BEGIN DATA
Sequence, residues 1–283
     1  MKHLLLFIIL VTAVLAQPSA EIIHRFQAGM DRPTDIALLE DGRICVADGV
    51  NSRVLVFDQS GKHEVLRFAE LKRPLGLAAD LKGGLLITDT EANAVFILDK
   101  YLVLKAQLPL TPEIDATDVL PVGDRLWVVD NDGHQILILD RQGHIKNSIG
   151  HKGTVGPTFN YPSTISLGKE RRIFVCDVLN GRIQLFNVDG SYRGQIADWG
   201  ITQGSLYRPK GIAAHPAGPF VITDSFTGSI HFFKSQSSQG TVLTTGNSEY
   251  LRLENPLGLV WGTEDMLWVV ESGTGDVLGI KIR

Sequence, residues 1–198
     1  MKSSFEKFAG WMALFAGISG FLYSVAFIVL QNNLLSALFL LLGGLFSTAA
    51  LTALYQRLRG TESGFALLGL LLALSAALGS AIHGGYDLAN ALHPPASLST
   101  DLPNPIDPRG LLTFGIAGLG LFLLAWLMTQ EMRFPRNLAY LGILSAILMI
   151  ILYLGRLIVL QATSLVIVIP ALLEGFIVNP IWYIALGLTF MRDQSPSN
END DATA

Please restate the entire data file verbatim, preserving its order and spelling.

Sequence, residues 1–283
     1  MKHLLLFIIL VTAVLAQPSA EIIHRFQAGM DRPTDIALLE DGRICVADGV
    51  NSRVLVFDQS GKHEVLRFAE LKRPLGLAAD LKGGLLITDT EANAVFILDK
   101  YLVLKAQLPL TPEIDATDVL PVGDRLWVVD NDGHQILILD RQGHIKNSIG
   151  HKGTVGPTFN YPSTISLGKE RRIFVCDVLN GRIQLFNVDG SYRGQIADWG
   201  ITQGSLYRPK GIAAHPAGPF VITDSFTGSI HFFKSQSSQG TVLTTGNSEY
   251  LRLENPLGLV WGTEDMLWVV ESGTGDVLGI KIR

Sequence, residues 1–198
     1  MKSSFEKFAG WMALFAGISG FLYSVAFIVL QNNLLSALFL LLGGLFSTAA
    51  LTALYQRLRG TESGFALLGL LLALSAALGS AIHGGYDLAN ALHPPASLST
   101  DLPNPIDPRG LLTFGIAGLG LFLLAWLMTQ EMRFPRNLAY LGILSAILMI
   151  ILYLGRLIVL QATSLVIVIP ALLEGFIVNP IWYIALGLTF MRDQSPSN